Shift from non-GAAP bottom lines could be good for stock prices

From Reuters - August 18, 2017

SAN FRANCISCO (Reuters) - Investors worried about lofty stock-market valuations may take comfort in signs that companies in the benchmark S&P 500 index are padding their bottomlines less than they have in previous years.

Recent changes to accounting standards and a crackdown last year by the Securities Exchange Commission are encouraging many companies to be more cautious about reporting metrics that do not adhere to Generally Accepted Accounting Principles (GAAP).

The difference between S&P 500 companies' GAAP net incomes and the adjusted versions of net income that they play up to Wall Street is expected to significantly shrink in 2017 for a second year, after hitting a high in 2015, according to a Thomson Reuters analysis.

Such a decline may be good news for investors worried that stock prices have risen too far.

"The closer reported earnings are to GAAP, the more confident I'd be that investors are getting a fair characterization," said Jack Ablin, chief investment officer at BMO Private Bank in Chicago.

On their income statements, companies often exclude "extraordinary" items, like charges associated with layoffs that they believe give investors an unclear picture of their performance. Those adjustments tend to make their profits appear stronger.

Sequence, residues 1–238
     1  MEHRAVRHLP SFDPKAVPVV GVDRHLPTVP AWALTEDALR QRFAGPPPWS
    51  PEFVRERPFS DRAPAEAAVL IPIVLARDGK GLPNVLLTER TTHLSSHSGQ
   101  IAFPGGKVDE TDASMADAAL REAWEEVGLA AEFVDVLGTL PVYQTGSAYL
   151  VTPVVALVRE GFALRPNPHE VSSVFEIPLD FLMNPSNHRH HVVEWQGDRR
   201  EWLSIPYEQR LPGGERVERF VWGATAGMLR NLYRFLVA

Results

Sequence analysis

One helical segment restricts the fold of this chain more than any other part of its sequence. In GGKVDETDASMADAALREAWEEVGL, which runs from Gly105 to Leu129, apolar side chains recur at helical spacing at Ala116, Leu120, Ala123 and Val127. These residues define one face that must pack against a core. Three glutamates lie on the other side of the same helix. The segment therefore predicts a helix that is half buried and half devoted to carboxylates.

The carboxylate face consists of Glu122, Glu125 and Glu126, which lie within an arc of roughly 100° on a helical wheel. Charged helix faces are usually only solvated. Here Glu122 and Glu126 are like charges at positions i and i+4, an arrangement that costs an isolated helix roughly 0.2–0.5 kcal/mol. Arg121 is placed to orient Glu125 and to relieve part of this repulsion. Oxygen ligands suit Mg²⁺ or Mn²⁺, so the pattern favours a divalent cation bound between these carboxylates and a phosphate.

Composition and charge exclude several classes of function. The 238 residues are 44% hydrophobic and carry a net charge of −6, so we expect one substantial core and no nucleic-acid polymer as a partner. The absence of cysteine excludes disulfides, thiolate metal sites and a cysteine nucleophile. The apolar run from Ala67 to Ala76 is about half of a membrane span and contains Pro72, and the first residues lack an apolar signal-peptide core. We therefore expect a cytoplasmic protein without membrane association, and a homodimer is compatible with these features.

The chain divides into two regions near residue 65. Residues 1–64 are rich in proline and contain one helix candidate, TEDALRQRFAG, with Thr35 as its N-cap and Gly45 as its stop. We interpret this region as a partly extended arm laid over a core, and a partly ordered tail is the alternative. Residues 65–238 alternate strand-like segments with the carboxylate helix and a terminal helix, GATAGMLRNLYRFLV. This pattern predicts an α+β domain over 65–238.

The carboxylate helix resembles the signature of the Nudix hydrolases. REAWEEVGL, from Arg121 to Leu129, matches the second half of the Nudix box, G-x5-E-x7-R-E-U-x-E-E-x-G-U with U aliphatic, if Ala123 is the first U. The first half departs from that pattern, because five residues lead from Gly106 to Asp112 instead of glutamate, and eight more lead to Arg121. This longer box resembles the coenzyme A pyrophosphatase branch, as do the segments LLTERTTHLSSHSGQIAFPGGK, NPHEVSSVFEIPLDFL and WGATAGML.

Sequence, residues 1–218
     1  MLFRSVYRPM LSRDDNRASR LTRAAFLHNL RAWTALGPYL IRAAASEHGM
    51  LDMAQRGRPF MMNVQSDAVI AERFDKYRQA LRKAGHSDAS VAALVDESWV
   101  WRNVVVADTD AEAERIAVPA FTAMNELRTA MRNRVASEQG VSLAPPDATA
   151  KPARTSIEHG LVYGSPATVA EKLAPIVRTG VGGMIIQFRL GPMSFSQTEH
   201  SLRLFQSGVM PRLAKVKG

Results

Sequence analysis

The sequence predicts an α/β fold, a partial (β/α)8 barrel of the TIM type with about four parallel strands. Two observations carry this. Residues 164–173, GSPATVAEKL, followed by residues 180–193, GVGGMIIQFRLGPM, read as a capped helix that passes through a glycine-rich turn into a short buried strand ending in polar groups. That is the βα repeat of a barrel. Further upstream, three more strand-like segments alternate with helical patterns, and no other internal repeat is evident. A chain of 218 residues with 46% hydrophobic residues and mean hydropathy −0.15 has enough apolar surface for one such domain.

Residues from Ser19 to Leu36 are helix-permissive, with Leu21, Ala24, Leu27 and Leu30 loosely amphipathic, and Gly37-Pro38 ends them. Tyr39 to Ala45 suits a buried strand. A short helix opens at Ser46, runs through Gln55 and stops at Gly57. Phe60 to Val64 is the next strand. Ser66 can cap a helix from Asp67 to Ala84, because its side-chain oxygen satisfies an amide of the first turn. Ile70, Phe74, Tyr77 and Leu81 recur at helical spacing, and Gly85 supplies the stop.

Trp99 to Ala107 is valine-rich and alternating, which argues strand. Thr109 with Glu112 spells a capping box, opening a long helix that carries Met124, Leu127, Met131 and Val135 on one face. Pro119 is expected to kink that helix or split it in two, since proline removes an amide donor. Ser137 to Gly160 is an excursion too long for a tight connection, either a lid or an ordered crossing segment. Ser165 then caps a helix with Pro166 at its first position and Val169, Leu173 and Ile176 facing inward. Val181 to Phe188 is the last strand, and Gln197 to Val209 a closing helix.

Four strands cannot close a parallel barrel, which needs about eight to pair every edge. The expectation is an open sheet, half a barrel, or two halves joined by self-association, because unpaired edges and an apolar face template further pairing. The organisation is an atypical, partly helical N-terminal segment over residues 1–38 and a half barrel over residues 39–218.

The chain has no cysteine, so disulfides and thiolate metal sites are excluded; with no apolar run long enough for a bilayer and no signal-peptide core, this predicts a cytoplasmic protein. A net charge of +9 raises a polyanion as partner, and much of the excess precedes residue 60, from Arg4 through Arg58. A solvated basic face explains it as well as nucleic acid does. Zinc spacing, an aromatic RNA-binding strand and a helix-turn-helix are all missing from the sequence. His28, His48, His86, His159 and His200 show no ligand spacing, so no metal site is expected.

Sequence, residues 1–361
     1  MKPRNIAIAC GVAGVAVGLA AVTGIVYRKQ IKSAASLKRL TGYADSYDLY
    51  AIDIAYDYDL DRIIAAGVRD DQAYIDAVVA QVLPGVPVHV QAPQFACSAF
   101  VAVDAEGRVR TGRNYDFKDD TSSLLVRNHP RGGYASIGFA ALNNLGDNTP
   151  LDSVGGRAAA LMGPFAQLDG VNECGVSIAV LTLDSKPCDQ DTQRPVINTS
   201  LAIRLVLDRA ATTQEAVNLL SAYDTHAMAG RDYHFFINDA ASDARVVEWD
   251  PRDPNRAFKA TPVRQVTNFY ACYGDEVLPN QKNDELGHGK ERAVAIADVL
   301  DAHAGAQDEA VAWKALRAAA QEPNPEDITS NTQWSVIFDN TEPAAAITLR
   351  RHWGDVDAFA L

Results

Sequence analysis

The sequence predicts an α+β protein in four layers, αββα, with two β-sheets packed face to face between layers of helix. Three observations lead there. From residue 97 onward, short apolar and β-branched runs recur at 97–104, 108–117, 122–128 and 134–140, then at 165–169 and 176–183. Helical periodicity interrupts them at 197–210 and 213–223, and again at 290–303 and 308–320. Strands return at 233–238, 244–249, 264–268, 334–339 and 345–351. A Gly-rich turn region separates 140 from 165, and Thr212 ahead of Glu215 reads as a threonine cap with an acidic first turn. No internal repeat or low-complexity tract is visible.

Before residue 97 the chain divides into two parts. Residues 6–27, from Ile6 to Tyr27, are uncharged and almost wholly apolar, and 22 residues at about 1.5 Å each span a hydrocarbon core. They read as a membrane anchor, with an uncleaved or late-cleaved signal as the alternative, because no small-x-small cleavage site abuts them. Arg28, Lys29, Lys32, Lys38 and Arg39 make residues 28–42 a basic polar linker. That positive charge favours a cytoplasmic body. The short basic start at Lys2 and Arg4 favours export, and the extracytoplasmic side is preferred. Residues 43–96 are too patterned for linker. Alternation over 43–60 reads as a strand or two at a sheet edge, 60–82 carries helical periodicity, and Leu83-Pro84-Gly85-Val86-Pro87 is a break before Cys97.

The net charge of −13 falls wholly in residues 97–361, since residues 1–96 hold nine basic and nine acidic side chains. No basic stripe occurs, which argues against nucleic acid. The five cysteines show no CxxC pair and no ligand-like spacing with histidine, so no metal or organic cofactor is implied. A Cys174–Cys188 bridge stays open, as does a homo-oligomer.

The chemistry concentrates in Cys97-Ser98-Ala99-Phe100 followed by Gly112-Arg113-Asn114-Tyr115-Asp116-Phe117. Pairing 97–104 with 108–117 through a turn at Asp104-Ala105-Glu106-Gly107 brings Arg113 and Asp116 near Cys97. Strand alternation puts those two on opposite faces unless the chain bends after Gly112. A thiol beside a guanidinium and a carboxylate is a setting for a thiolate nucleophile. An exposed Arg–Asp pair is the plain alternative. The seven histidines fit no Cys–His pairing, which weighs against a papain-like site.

After an 8-percent rise in 2017, the S&P 500 is trading at 17.8 times expected earnings, a level many investors consider expensive and increases the risk of a market selloff. But the expected earnings in that valuation are adjusted, not GAAP.

To the extent that companies use non-GAAP accounting less this year than in recent years, investors may feel more comfortable paying higher valuations for their stocks.

"You are getting more conservative in your earnings approach rather than more aggressive," said Phil Blancato, head of Ladenburg Thalmann Asset Management in New York. "That's exactly why I do not think current PEs are very expensive."



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